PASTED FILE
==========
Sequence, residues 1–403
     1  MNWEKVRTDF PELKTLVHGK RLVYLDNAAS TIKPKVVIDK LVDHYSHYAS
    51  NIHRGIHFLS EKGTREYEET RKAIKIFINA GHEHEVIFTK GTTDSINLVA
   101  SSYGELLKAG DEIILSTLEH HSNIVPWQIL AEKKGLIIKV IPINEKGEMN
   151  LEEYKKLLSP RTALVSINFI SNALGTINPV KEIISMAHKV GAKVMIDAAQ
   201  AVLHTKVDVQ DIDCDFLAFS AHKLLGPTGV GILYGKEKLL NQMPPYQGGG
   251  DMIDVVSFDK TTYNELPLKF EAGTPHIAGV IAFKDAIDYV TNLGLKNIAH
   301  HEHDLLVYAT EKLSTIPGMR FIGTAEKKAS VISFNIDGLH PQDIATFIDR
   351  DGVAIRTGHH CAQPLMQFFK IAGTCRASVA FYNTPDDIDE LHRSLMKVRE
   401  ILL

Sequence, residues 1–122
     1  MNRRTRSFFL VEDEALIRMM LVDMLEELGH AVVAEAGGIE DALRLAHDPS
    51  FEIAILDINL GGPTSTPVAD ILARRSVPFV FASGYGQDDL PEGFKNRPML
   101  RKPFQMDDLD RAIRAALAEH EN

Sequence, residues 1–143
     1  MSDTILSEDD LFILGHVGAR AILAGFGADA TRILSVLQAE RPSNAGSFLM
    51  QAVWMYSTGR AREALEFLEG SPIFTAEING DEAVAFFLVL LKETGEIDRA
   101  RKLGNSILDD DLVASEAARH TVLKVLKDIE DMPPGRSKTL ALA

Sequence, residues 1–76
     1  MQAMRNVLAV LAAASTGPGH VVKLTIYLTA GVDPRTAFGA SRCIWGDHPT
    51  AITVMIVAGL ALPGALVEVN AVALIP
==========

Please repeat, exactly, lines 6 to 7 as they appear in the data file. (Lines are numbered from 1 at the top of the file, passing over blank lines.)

   201  AVLHTKVDVQ DIDCDFLAFS AHKLLGPTGV GILYGKEKLL NQMPPYQGGG
   251  DMIDVVSFDK TTYNELPLKF EAGTPHIAGV IAFKDAIDYV TNLGLKNIAH